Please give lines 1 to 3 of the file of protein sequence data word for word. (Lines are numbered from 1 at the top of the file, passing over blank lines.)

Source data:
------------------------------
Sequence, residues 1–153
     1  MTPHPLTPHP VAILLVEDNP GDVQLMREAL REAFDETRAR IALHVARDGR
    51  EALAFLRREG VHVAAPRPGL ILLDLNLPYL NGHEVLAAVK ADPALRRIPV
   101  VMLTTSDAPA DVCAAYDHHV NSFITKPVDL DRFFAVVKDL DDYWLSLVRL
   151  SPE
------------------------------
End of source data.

Sequence, residues 1–153
     1  MTPHPLTPHP VAILLVEDNP GDVQLMREAL REAFDETRAR IALHVARDGR
    51  EALAFLRREG VHVAAPRPGL ILLDLNLPYL NGHEVLAAVK ADPALRRIPV